Two of the biggest Japanese reggae artists today are Moomin (who physically resembles the famous Finnish cartoon characters of the same name) and Pushim. They both sing more in a "lovers rock" mode - reggae-influenced tracks with smooth, romantic vocals.

Among the most popular Japanese dancehall performers today are Mighty Crown, Fireball, Ryo the Skywalker and Ketsumeishi. Some argue that Ketsumeishi's sound is more hip-hop than reggae, and as in the U.S., many Japanese artists are influenced by both genres. The very popular - and very beautiful - female vocalist Minmi is another artist whose music has both hip-hop and reggae elements. Yokohama, home turf of the Mighty Crown DJ/production ensemble, is the center of Japan's hip-hop/reggae scene.

Japan also has lots of artists who prefer a more traditional reggae style, most notably the duo known as Dry & Heavy. While in most parts of the world dub is a nearly abandoned studio technique or merely a stylistic influence, Dry & Heavy deliver booming hardcore dub as a live band. Dry & Heavy have toured all over the world, and their albums have been released in Europe by famed reggae label On-U Sound. In 2000 their cut "Dawn Is Breaking" was a New Music Express single of the week. Other highly regarded Japanese reggae bands include Homegrown, who have backed many, if not most, of Japan's top reggae vocalists at one time or another, and Little Tempo, whose sound incorporates steel drums. And Audio Active achieves a unique sonic blend by mixing reggae with club music styles, and the band has played many dates internationally, including seven tours of Europe.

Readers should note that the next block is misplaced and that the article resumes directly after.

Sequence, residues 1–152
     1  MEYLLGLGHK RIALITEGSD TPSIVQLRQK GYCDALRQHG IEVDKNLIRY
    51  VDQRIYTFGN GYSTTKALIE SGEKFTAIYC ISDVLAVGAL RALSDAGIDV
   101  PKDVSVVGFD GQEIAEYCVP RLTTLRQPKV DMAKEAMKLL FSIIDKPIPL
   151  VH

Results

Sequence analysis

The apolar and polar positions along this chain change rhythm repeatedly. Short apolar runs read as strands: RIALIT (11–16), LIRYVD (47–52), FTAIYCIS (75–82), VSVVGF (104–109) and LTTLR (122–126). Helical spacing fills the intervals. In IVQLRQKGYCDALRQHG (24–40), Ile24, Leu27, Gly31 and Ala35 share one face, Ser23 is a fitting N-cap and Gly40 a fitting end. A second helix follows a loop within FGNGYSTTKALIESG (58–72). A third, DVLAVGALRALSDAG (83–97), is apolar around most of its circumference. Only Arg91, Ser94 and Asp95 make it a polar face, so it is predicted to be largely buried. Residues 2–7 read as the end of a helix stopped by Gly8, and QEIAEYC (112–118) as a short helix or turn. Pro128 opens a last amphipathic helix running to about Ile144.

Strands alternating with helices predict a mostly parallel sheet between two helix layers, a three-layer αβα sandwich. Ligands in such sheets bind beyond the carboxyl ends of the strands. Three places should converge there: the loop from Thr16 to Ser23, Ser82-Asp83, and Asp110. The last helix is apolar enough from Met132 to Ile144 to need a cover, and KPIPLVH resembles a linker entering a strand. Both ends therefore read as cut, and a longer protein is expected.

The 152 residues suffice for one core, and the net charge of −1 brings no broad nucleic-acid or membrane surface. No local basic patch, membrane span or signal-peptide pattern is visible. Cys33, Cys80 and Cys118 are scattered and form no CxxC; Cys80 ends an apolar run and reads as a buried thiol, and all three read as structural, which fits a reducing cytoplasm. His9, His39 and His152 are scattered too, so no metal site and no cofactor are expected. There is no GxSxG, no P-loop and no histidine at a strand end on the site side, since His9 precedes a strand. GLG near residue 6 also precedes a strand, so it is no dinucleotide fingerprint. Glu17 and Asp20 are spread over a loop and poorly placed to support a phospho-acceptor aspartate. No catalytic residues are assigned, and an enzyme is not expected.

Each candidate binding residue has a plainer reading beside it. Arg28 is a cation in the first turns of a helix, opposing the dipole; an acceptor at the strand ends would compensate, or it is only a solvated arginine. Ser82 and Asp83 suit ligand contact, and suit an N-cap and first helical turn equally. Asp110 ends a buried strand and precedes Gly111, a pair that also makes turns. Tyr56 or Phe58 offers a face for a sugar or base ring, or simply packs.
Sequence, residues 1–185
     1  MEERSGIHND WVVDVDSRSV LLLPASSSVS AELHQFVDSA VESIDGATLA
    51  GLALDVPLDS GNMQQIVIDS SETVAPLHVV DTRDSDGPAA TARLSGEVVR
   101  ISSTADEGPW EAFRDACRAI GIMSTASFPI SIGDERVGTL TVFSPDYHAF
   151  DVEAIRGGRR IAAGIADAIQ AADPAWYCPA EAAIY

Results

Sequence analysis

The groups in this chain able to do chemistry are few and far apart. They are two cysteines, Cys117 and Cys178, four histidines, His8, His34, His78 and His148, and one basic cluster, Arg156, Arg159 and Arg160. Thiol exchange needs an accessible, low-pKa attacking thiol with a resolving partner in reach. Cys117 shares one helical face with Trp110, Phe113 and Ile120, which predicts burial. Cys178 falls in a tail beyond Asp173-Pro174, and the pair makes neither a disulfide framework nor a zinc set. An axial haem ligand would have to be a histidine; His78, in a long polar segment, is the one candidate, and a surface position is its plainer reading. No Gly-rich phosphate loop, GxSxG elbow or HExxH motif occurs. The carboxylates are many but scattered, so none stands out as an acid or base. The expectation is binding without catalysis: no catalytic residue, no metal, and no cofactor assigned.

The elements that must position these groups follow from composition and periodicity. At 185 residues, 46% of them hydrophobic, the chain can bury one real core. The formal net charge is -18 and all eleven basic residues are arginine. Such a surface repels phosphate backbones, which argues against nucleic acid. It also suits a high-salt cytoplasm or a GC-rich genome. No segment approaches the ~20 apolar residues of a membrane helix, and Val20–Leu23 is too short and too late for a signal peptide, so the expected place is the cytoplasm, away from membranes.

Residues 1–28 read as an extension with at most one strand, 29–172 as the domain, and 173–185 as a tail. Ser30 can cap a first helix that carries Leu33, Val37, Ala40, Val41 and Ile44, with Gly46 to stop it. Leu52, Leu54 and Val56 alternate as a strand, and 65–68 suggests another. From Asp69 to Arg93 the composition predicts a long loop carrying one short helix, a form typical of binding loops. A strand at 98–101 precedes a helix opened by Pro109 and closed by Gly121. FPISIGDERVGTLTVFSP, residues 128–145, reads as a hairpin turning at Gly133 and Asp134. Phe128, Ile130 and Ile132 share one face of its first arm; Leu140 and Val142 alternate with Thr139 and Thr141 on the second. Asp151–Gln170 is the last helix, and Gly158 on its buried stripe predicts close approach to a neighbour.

Festivals are a big part of Japan's reggae scene. In the late 70's and early 80's a number of reggae festivals were held in and around Tokyo at which the artists were primarily Jamaican. The number of Japanese acts playing such festivals gradually increased, apparently due to cost considerations and the fact that a number of Jamaica's bigger acts were notoriously difficult to work with. Eventually there were festivals featuring Japanese reggae acts only. Five years ago Tower Records established its annual "Reggae Festa" in Naha, Okinawa, an event which features Japanese reggae acts exclusively. It consistently draws around 5,000 people, and is broadcast on TV. And it was recently announced that a large reggae festival called Sapporo Reggae Festa 2K5 Explosion will take place in Sapporo, Hokkaido, on Aug. 7 (http://smash-jpn.com/srf2k5.html).

Japan also has a long-running reggae magazine, Riddim, which features a mix of articles on both the foreign and domestic reggae scenes.

Like squid pizza, strawberry-frosted pretzels, and tea-flavored ice cream, Japanese reggae is Japan's own peculiar twist on a foreign Creation. It may seem odd at first, but try it - you might just find it delicious!

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Originally submitted by: Keith Cahoon | See Edit History | Edit Article